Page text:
Latest News

Anxiety-like behavior in invertebrates opens research avenues

For the first time, researchers have produced and observed anxiety-like behavior in crayfish, which disappears when a dose of anxiolytic is injected. This work shows that the neuronal mechanisms related to anxiety have been preserved throughout evolution. This analysis of ancestral behavior in a simple animal model opens up new avenues for studying the neuronal bases for this emotion. Anxiety can be defined as a behavioral response to stress, consisting in lasting apprehension of future events.
View full story

Post your comment.

Name:
Email:
Rating:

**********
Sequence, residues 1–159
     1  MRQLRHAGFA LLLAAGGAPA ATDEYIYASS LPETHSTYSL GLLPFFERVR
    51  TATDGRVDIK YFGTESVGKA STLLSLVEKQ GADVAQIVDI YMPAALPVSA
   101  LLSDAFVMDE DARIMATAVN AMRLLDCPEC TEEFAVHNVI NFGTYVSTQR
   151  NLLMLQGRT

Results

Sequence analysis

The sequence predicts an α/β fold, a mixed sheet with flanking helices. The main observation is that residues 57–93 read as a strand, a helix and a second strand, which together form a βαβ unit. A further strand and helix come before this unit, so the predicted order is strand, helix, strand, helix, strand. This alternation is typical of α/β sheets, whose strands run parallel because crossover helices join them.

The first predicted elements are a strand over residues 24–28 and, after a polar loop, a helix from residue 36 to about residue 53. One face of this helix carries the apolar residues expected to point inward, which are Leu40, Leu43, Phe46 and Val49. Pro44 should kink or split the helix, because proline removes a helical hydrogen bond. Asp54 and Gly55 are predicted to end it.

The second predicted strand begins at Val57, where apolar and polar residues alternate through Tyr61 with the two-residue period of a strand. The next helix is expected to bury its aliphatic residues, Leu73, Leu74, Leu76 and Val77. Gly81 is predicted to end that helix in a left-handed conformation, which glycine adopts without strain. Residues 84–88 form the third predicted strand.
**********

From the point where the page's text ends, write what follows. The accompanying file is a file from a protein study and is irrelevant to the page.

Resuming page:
Comment:
Verification
 

  • Providing private mental health service to veterans: Hurdles, challenges, advice

  • Sibling bullying linked to later depression, self-harm

  • Sibling bullying linked with later mental health disorders

  • Neurobiological basis for key symptoms associated with post-traumatic stress disorder found by brain imaging research

  • How stress tears us apart: Enzyme attacks synaptic molecule, leading to cognitive impairment

  • Evidence of genetic link to PTSD in soldiers exposed to childhood trauma

  • Sport, physical activity help against depression

  • Caregivers of family members newly diagnosed with mental illness at risk for anxiety

  • Yogic breathing shows promise in reducing symptoms of PTSD

  • Elderly who have had serious falls may show symptoms of post-traumatic stress

  •